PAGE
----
Young Unemployed Can Bounce Back
Self-employed and small business accountancy service FBTC, is backing young workers to bounce back from the negative unemployment figures released.
Generation Z and Millennials should perhaps be better described as ‘Generation Covid’ considering the negative picture painted by the latest official stats, with an unemployment rate rise of 4.1% in the three months to July, compared with 3.9% previously, and young people being particularly hard hit – there were 156,000 fewer young people in employment in the three months to July, according to new data, and 695,000 UK workers have disappeared since lockdown began.
However, unlike any similar downturn in the past, the facts show that young people are perhaps in a stronger flexible working position than ever before due to their entrepreneurial desire and motivation to succeed setting up their own businesses.
Research earlier this year by business software provider Xero revealed that 38% of UK small business owners are under 35. The research, of more than 1500 small businesses across the United Kingdom, found millennial business owners founded their small businesses at age 22 on average. The study found that millennials enjoy running their businesses but have different ideas about what defines success. Success is about making more money (46%) but also quality of life (30%). Even Brexit failed to dampen their expectations and drove; 83% are confident of reaching their goals despite market uncertainty.
With that we are now starting to see the amazing businesses that have been launched in recent months. Whether that was due to redundancy, having more time available to follow a hobby, an apprenticeship been cut short or travel plans been put on hold, many have reviewed their direction.
youthful zeal and flexibility to make things happen”
“Young people leaving school, university and apprenticeships are faced with some bleak figures about gaining employment, but the truth is they are actually self-starters, motivated to carve their own niche businesses and have the youthful zeal and flexibility to make things happen where traditional careers are failing them” says Alan Gott, FBTC Manager.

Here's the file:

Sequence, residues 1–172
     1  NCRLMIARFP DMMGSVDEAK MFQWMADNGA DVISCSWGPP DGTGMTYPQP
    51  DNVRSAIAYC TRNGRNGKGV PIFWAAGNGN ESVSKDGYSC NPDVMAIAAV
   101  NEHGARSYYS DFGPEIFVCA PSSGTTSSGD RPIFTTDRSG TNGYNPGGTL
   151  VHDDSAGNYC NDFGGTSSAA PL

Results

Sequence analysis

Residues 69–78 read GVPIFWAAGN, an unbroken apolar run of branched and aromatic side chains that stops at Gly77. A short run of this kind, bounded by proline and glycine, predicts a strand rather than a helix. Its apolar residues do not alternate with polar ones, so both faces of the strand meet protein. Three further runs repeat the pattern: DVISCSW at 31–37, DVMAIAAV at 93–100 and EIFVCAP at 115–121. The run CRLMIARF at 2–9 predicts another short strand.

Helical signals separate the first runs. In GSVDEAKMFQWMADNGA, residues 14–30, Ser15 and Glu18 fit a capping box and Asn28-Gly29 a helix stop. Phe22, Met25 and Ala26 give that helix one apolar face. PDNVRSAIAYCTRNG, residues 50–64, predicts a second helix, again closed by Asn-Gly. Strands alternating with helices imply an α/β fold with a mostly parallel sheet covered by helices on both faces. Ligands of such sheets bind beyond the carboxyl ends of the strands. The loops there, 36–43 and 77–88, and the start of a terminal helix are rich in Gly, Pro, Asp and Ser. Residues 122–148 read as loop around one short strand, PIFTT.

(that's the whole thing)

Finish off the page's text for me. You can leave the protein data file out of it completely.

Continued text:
The accountancy and tax advice firm, FBTC, which specialises in helping the self-employed and business start-ups has seen amongst its own clientele a new reality fuelled by youthful ambition and the opportunities the internet and social media have provided. As a generation that use their phones for everything what better way to utilise their ever-growing social media skills and share their new ventures through those little squares on their phones.
Connie (23) a Hairdresser from Kent is doing exactly that. “I got made redundant back in July, I had worked there for 7 years. When being made redundant I was so scared as to what was going to happen, how I was going to afford having a social life and my bills. I started working when I was 16 so having a set wage every month was all I have ever known. I decided to venture out on my own and become self-employed. By doing that I knew that I needed to get my name known which is then when I came to the decision to advertise myself on social media. I had heard and seen many people doing so well by using social media as a platform. Since being self-employed I could not be happier and realised I should have done it a long time ago. I’m looking forward to building even more of clientele using social media”.
As we saw above its also about the quality of life. Tamara (24) Swanley is right, “You are your own boss. I wanted to work on my own basis and pick my own hours. Myself and my husband are planning our future and being able to pick my own hours worked perfectly. I would say the hardest part about it would be working out taxes and knowing about expenses but if you get the right help you can do it. I would always advise researching and seeking help before setting up your own business to ensure you have all the tools you need to get started. I am currently a driving instructor and am hoping to progress my career into becoming an emergency response driving instructor which means that I will be instructing the emergency service drivers to drive in emergency conditions, I am excited to move forward with the next chapter of my journey”.
Likewise, Felicity (23) from Ashford states “I enjoy the freedom and flexibility of creating a good work and life balance. If I need time off, I can just book it myself and I can also work the hours I choose. In 5 years, I would love to have this business running almost by itself, expand it and I can run it from a management point of view. One piece of advice to anyone thinking about setting up their own business would be don’t expect it to be consistent straight away, it takes hard work and a bit of time to get to a comfortable place”.
With that FBTC see opportunity to help and share business start-up tips, especially to assist the younger generation. Within schools we are taught about a career, employment, apprenticeships, and further education. What about self-employment? FBTC want to share the world of self-employment with the younger generation. The FBTC classroom will be launching soon.